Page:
[cfe-dev] How to create a new builtin in clang?

Andy Gibbs andyg1001 at hotmail.co.uk
Sat May 19 03:18:10 PDT 2012

Hi Jonathan,

On Friday, May 18, 2012 9:32 PM, Jonathan Sauer wrote:

> Hello Andy,
>>> Maybe I'm missing something, but constexpr does exactly that
>> It does and it doesn't.  If you declare a variable 'constexpr'
>> then you can expect that a compile-time-evaluated constant is
>> assigned to it.  However, a 'constexpr'-declared variable is
>> forever immutable [...]
> So far, so good. Although I don't see why the immutability should
> be a problem; after all, you can simply say:
> constexpr int firstValue = ...;
> int i = firstValue;
> ...
> constexpr int secondValue = ...;
> i = secondValue;
> [...] When using constexpr on a variable, this means that the
> variable's value must be a compile-time constant [...]

Yes, you are right: this is a work-around and certainly works.  However, I 
wouldn't call it a clean solution, I'm afraid.  In effect, it requires that 
every time we want to ensure something is compile-time folded (I'm trying to 
use the terms as Richard Smith in his post [1] defines them), we have to 
remember to explicitly declare a constexpr variable to hold the value and 
then assign the "working" variable to this value.

Let's extend the field of the problem a bit.  Let's say, for arguments sake, 
we have a constexpr function which takes a string and calculates an 
arbitrary CRC value from it.  Such a function may have a signature similar 

    template <long Polynomial>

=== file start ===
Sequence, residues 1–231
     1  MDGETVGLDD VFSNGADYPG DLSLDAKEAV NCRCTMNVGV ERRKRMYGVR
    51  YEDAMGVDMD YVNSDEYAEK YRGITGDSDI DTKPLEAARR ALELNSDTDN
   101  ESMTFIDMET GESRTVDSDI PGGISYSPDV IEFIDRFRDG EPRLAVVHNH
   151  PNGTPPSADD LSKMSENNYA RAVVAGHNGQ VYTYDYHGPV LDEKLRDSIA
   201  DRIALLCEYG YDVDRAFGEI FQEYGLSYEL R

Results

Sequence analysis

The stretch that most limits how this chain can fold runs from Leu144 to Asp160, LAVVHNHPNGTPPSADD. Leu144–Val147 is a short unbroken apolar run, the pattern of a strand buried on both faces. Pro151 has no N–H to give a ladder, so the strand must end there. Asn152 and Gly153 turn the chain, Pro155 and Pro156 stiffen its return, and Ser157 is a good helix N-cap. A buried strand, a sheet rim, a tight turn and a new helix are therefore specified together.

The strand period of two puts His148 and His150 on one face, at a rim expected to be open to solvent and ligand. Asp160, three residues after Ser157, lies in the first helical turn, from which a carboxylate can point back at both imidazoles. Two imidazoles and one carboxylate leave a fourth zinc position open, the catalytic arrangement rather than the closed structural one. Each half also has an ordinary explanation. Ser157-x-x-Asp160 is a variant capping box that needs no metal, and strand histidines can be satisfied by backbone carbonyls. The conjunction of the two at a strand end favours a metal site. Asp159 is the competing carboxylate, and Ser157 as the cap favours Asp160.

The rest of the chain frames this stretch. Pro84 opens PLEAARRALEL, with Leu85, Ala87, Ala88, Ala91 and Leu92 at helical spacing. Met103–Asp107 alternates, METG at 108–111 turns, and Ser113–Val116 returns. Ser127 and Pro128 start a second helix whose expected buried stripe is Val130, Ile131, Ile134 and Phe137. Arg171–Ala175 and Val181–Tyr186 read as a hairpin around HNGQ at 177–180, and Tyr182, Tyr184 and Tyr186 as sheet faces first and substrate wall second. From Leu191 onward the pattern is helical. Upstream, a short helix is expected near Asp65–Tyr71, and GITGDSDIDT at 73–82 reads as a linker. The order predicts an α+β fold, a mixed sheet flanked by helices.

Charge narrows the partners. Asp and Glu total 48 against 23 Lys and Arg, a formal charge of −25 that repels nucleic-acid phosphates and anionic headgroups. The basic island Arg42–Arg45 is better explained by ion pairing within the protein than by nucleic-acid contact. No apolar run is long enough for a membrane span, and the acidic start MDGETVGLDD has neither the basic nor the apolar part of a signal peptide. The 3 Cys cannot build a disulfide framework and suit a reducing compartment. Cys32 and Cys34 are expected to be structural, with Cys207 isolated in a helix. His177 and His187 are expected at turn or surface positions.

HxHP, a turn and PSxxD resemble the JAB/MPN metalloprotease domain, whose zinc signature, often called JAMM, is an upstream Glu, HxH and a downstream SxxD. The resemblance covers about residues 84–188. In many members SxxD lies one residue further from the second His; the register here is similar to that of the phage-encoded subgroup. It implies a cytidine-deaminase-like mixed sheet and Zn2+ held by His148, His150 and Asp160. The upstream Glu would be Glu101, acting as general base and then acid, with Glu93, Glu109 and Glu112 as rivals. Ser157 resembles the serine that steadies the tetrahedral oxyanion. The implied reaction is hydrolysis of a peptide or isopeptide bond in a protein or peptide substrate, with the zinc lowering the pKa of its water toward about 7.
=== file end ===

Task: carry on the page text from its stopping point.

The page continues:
constexpr auto calc_CRC(const char* string)
        -> poly_to_width<Polynomial>::type;

The function here takes the CRC polynomial as a template parameter, 
calculates the appropriate CRC from the provided string and returns the 
value in a suitably-sized integer (calculated by a helper struct named 

Since the polynomial can change, then a pre-calculated lookup table approach 
is not practical: instead the algorithm must use a bit-based approach.  This 
is much, much less efficient than the lookup table method and wouldn't want 
to be used at runtime.  However, there is nothing in the C++11 standard, 
that I know of, that stops someone using this algorithm in a non-constexpr 
way.  As the library writer, I can say to my users, you must use this 
function this way:

constexpr int temp_value = calc_CRC<32>("string");
int value = temp_value;

but I can't stop them from simply doing:

char* string = ...
int value = calc_CRC<32>(string);

This is what I meant in my previous post regarding 'constexpr' being little 
more than a hint to the compiler like 'inline'.  With constexpr you get the 
additional benefit of being able to use that function at compile-time (as 
long as you can rework your algorithm in a way that complies with the 
restrictions of a constexpr function) but you don't have a way of limiting 
its use solely to compile-time.  Note that even the following is a runtime 
evaluation when compiled with clang without optimisations switched on:

int value = calc_CRC<32>("string");

Now at this point, we can start doing some tricks.  We can hide the 
implementation behind a macro:

template <typename T, T V> struct Constant { static constexpr T value = 
V; };
#define calc_CRC(N,S) Constant<poly_to_width<N>::type, 

Now the following use:

char* string = ...
int value = calc_CRC(32, string);

will result in a compiler error since string is not a constant expression.

In this case, our work-around works.  However, it works because calc_CRC 
returns an integer type.  If we had a constexpr function which returned a 
floating point value, or one wrapped in a struct, this work-around would 
fail.  What I wish to create is the generic solution which works for all 
return types, such that the macro becomes:

#define my_func(...) __builtin_fold(my_func_impl(...))

In Richard Smith's post [1] is a really intriguing macro solution involving 
folding via __builtin_constant_p and ?: which I believe is a gcc 
extension(?), but I need to think this through thoroughly and test it.


[1] http://lists.cs.uiuc.edu/pipermail/cfe-dev/2012-May/021549.html


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